There are a lot of memes and posts going around social media relating to the recent US travel ban (then un-ban?) from 7 countries that are only really accomplishing gaining support from those who already agree with your opinion.
In brief summary:
- The first argument is that these refugees are a danger to our country’s safety. They’re coming here to harm us and do not share the same values. We need to make sure these people aren’t dangerous and their inconvenience at the airport is worth it for our safety. If you love refugees so much, why don’t you invite one to your home?
- The second argument is sharing story after story of all the people this ban is harming: handcuffed children, a baby stopped from coming here for much needed surgery, a blind man who had his medicine taken away, interpreters who helped the military turned away, and so on. These people are fleeing a war and we need to HELP them and care about them.
I think all Americans need to learn more about refugees. Who are they and where exactly do they come from? Don’t look for another Facebook meme to validate your fear of something that might not even be true. Don’t share another story of refugees detained at the airport. Not everyone is afraid of foreigners and not everyone is going to care as much, especially if they haven’t the faintest idea how anyone gets here to begin with. The best place to turn to is the evidence. The facts. Not the alternative facts. This will put the situation into perspective.
Presenting evidence #1~~~
Take a look at the above chart. This will add some numbers to the situation.
- 53% of refugees come from Somalia, Afghanistan, and Syria. Somalia and Syria are on the 7 banned countries list, so that is 6 million people. Afghanistan, 2.7 million refugees, is not on the list.
- 65.3 million people are displaced worldwide while only 12% are hosted in the Americas. Notice the plural, so this number includes hosts countries in all of North and South America.
- Top hosting countries: The United States does not even make the TOP 6.
This next chart is a good one for an overview of how refugees come to the United States. As you can see, no they are not running from an airstrike on their city and straight to the airport. No, bad guys aren’t shooting at them and then sneaking into the masses and onto the planes headed for our airports.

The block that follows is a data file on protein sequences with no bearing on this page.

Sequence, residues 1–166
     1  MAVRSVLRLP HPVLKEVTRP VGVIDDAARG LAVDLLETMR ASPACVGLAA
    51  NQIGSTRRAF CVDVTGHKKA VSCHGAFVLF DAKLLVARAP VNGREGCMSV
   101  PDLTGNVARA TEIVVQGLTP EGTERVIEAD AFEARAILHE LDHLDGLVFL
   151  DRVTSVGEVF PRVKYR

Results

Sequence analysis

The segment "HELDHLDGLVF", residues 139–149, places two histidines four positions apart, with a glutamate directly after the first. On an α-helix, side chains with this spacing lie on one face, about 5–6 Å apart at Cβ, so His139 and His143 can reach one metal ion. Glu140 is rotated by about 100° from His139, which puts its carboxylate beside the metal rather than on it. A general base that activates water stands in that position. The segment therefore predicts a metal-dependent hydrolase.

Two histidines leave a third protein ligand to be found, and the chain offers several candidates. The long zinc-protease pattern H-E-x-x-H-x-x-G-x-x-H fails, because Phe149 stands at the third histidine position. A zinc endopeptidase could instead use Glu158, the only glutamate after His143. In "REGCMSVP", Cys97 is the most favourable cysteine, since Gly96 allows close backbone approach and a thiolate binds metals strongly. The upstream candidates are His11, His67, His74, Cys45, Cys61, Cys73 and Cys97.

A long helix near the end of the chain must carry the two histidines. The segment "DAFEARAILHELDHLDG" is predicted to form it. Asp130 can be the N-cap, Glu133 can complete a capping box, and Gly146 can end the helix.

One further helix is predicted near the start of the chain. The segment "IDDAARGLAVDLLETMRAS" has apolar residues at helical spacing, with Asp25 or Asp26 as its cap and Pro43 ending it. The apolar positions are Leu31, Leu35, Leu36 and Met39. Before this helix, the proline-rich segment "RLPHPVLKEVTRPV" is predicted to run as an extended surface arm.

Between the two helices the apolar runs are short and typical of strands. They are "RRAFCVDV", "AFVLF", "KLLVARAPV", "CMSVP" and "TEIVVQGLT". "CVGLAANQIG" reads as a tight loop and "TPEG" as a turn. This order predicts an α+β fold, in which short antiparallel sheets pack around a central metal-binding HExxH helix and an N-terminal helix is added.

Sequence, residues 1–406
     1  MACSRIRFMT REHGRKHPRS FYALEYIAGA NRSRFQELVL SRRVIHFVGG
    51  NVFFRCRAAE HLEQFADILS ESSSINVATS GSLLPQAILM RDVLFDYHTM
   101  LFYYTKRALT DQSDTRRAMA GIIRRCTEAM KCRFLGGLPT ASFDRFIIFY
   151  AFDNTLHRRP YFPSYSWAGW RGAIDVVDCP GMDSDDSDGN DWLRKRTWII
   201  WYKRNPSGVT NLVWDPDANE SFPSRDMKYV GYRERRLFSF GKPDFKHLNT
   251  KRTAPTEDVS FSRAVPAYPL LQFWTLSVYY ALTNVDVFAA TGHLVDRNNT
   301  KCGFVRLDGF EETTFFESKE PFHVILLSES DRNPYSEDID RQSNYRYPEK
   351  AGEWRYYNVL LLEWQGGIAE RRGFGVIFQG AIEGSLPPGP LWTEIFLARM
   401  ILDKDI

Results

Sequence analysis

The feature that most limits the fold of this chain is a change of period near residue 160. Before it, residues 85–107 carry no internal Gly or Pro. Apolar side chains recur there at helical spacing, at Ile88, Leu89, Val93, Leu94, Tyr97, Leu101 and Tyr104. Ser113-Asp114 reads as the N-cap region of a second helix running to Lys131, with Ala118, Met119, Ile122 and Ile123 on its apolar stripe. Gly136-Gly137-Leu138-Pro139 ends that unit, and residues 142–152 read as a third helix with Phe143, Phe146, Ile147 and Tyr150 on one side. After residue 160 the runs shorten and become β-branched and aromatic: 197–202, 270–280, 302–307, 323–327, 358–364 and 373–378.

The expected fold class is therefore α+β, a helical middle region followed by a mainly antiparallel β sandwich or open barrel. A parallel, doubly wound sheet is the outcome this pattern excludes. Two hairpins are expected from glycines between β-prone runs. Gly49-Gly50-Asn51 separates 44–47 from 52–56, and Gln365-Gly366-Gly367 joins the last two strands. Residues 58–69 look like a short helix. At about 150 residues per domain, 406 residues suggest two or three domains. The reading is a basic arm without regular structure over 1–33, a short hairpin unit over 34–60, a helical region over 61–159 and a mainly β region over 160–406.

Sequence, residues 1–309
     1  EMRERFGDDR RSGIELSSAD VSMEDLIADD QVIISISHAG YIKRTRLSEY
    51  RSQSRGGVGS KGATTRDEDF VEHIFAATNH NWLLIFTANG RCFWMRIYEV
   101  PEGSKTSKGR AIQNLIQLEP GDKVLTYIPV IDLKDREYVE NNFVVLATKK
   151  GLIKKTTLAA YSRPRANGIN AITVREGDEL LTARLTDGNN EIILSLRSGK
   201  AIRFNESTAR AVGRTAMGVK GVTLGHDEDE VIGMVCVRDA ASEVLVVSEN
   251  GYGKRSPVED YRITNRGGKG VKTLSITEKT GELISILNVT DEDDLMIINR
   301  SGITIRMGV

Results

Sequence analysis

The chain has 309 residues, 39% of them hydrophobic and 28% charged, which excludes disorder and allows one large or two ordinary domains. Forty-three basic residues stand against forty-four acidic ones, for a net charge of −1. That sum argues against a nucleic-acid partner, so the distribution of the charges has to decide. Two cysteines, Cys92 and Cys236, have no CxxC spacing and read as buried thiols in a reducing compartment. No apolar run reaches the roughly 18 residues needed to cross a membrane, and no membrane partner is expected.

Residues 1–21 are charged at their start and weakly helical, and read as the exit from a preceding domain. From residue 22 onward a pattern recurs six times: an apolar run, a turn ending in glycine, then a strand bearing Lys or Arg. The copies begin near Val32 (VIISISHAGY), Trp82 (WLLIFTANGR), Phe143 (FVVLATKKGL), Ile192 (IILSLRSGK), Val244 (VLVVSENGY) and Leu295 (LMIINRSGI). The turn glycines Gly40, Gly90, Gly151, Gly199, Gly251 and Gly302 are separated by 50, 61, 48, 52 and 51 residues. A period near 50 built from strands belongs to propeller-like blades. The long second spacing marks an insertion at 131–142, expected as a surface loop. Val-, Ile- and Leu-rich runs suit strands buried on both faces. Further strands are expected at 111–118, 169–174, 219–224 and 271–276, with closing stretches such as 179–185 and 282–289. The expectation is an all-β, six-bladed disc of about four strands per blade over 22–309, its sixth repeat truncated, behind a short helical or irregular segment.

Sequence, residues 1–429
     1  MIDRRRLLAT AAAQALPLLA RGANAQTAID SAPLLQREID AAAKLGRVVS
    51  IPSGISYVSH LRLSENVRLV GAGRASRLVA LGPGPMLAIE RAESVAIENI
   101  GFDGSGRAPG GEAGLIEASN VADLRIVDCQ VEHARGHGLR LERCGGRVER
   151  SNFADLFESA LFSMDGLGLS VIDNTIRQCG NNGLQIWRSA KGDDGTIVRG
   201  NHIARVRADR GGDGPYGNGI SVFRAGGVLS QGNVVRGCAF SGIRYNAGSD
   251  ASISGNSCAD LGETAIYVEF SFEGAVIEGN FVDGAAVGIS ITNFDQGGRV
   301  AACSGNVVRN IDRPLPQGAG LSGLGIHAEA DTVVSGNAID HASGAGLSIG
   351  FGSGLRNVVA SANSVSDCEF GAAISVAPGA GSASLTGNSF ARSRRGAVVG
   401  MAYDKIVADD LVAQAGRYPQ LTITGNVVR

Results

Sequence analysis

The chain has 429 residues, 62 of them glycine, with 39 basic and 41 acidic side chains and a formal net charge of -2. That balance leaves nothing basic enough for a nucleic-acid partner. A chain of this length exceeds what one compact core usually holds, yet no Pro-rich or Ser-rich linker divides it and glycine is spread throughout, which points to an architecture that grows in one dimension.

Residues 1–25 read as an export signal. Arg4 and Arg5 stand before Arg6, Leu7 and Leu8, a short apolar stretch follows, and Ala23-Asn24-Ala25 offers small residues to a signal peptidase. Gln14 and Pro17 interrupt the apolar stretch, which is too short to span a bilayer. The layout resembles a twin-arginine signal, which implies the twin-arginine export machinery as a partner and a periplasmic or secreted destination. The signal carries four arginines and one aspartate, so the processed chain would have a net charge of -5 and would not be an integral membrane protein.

- While waiting overseas, refugees wait up to 2 years for the vetting process to be completed.
- Please refer to the evidence #1 chart above this one. That data is from 2015. All of those refugees, the 6 million from the 2 banned countries of Somalia and Syria, are still currently in the vetting process if they are trying to get into the United States.
- The US has resettled over 3 million refugees since 1975. Fear of refugees, where have you been all this time?
- In the 2016 fiscal year, not even half of refugees resettled in the US came from the Middle East.
The following information is from US Department of Health & Human Services, Office of Refugee Resettlement. Fiscal Year 2015
- From the 7 countries on the travel ban list, 27,851 refugees were resettled.
- Iraq 12,608… Somalia 8,852… Iran 3,099… Syria 1,693… Sudan 1,576… Yemen 23… Libya 0.
- The US resettled 69,933 refugees in this year. 39.8% of these refugees came from countries as part of the travel ban executive order.
- The other 60.2%?
- Burma 18,318… Democratic Republic of the Congo 7,823… Bhutan 5,530… Eritrea 1,576… Cuba 1,526… Ukraine 1,454… Burundi 1,218… Ethiopia 646… Russia 301.
- There are more refugees from Egypt (14), a country not on the banned list, than there are from Libya (0).